Parashat Vayechi: A fractal pattern

Some time ago, the Jewish mathematician Benoit Mandelbrot developed the theory of fractals.

ALBRECHT DÜRER’S engraving of Adam and Eve from 1504AN ELDERLY Isaac blesses Jacob with Rebekah in the background in this 1638 painting by Dutch artist Govert Flinck (photo credit: Wikimedia Commons)
ALBRECHT DÜRER’S engraving of Adam and Eve from 1504AN ELDERLY Isaac blesses Jacob with Rebekah in the background in this 1638 painting by Dutch artist Govert Flinck
(photo credit: Wikimedia Commons)

When writing a Torah column, you naturally wonder how much you are repeating other columns, lectures and interpretations that have gone before. But I suspect that no commentator has started an explanation of Parashat Vayechi with a cauliflower. 

Perhaps a pomegranate, and apple is always a popular choice, but cauliflower may be unique. (Of course I’m prepared to be wrong.) 

Some time ago, the Jewish mathematician Benoit Mandelbrot developed the theory of fractals. Now I don’t claim to have mastered the math, so my seeking to explain it in numbers would be fruitless. But not vegetableless – for the cauliflower is a fractal pattern, that is, a whole all of whose parts look the same as the whole. If you break my watch, the pieces look like a broken watch. But if you pull off a piece of cauliflower, the piece looks like an entire cauliflower, only smaller. 

The idea that the small has the same shape as the larger is powerful in religious and mystical traditions. The sefirot, which are the entire mystical universe, are often portrayed as a human being, as though the macrocosm and the microcosm were the same. Hence the medieval statement that “man is the measure of all things.” 

Just as each character in the Torah is supposed to embody one of the sefirot, the sefirot as a whole look like a person. God contains all, the sefirot represent that, and our world is a fractal pattern of the greater reality.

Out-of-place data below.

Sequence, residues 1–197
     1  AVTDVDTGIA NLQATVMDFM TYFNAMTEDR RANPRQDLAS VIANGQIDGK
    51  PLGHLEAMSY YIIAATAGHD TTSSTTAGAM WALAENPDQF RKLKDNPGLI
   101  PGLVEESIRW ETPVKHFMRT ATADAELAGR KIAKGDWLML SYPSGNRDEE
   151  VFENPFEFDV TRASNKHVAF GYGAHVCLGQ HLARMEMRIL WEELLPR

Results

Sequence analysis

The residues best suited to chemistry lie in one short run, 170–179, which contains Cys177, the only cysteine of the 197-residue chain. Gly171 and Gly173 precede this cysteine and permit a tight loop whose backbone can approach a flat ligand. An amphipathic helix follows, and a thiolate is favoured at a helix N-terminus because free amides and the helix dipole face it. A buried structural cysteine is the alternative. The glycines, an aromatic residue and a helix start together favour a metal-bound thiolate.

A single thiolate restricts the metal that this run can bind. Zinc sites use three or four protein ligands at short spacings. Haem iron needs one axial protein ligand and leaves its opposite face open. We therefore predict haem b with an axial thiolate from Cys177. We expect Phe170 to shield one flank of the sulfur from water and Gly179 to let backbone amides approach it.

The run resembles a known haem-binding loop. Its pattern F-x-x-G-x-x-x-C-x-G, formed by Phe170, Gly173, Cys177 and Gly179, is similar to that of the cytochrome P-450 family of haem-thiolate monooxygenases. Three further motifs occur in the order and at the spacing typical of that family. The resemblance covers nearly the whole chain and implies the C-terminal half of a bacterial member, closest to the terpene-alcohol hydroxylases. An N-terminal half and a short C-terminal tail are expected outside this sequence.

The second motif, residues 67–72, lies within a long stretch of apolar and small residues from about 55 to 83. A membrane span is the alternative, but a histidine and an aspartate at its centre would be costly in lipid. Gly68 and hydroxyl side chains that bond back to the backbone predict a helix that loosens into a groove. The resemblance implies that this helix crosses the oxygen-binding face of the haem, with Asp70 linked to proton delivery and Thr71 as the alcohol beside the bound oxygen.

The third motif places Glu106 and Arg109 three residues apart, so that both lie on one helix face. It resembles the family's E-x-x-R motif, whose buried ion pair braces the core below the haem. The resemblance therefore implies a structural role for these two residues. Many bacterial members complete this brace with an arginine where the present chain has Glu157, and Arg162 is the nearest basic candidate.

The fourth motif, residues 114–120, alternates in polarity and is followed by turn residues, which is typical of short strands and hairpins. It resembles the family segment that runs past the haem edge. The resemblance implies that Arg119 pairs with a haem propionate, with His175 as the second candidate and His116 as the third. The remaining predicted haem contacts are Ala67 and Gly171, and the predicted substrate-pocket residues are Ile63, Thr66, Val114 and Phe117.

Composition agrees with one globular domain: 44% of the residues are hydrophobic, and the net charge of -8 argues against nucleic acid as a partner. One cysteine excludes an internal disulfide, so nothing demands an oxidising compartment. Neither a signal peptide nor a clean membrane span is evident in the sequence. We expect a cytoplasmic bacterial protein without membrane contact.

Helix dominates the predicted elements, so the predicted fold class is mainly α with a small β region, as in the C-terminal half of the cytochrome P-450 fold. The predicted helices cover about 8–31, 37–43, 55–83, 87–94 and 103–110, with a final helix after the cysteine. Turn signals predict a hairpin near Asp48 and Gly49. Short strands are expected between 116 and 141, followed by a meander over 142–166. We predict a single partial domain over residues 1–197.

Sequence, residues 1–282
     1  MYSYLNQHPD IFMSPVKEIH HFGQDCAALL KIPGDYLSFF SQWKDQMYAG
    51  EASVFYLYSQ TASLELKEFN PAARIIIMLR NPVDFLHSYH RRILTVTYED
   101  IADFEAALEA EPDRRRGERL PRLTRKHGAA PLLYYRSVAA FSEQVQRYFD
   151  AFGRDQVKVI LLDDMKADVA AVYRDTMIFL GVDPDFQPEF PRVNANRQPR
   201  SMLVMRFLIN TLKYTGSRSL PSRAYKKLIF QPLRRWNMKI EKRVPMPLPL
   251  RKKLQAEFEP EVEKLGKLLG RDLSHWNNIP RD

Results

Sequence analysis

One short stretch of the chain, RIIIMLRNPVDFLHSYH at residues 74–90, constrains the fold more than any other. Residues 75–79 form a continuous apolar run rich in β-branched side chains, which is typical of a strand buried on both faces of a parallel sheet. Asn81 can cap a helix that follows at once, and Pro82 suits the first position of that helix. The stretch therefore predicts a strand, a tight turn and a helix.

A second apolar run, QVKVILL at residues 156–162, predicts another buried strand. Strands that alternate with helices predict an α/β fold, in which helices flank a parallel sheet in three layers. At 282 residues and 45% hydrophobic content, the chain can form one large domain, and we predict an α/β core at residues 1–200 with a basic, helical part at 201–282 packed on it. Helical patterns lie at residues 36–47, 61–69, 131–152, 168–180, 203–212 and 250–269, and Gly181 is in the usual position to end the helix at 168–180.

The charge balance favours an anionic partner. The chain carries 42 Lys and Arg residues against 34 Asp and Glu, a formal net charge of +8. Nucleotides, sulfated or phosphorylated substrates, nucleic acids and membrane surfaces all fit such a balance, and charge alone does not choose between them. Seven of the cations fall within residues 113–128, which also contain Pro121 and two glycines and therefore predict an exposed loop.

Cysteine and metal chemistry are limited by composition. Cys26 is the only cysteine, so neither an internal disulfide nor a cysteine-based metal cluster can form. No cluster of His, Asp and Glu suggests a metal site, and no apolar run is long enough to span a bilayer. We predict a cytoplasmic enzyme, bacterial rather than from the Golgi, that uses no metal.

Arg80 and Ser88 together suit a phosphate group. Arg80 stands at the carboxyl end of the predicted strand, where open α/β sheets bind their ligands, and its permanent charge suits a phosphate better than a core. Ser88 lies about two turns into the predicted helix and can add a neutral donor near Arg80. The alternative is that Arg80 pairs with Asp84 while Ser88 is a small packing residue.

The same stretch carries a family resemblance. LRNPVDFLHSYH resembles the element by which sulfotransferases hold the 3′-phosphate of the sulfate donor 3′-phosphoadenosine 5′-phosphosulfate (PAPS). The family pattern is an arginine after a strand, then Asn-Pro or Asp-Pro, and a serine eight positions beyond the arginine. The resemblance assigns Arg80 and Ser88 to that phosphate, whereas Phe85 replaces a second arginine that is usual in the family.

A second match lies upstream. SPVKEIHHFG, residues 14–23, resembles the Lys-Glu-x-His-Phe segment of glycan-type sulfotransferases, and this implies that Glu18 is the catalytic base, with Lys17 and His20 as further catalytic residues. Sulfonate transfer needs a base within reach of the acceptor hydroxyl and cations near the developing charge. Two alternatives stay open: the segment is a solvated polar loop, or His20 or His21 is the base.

cauliflower (illustrative) (credit: Wikimedia Commons) cauliflower (illustrative) (credit: Wikimedia Commons)

Vayechi means “and he lived.” The Talmud tells us that “Jacob never dies.” The rabbis offer many explanations of this enigmatic statement. Jacob’s life is itself a spiritual fractal. What we see in him is what is true of the Jewish people; Jacob does not die because his life lives in us all. 

This is what our tradition means when it says that the doings of the ancestors are signs for the descendants. That which happened to them, happens to us on a smaller scale over and over – some of the events beautiful and some painful. 

THE TRADITION of exile and return is a spiritual fractal in Jewish history. It happened in the past; it is a part of the Jewish experience, and it happens again. The tradition of commentary grows and grows but keeps the same overall shape, which is why the generations of commentators are in dialogue with one another. When the rabbis tells us to turn the Torah over and over for everything is in it, then in a spiritual sense, the Torah is the shape of the world, it is a founding fractal.

Jacob is leaving his children to face the world that will change. So he must give them lessons that will not change. He must bless them enduringly, with patterns that they and their children and their grandchildren will be able to understand, and will recur in their lives. 

As we review Jacob’s life we recognize the patterns: young and ambitious and perhaps heedless of others; visionary and spiritually aspiring; eager and in love; a parent who made mistakes, suffered, lost people dear to him yet lived a full life. We see that those patterns indeed do not die, that we repeat them generation after generation as if, like Russian dolls, our lives are nested inside one another. 

The patterns are not perfect. The fractal is not so true to form as mathematical models, to be sure. The life of Abraham is not the same as that of Jacob, and so we cannot say they resemble the entirety of Jewish history in exactly the same ways. Nonetheless, each piece of Torah history can be seen as inhabiting the same shape as the whole. This is unsurprising even in our own lives: the older one gets, the more one sees that the patterns, even those we sought to escape, almost inevitably recur.

The book of Ecclesiastes embodies this lesson, that everything which happens repeats what has gone before. There is something beautiful and sustaining in knowing that, even as we live our own lives, our ancestors’ live through us, and the deep messages of Torah are found even in a cauliflower. 

The writer is Max Webb senior rabbi of Sinai Temple in Los Angeles and the author of David: The Divided Heart. On Twitter @rabbiwolpe.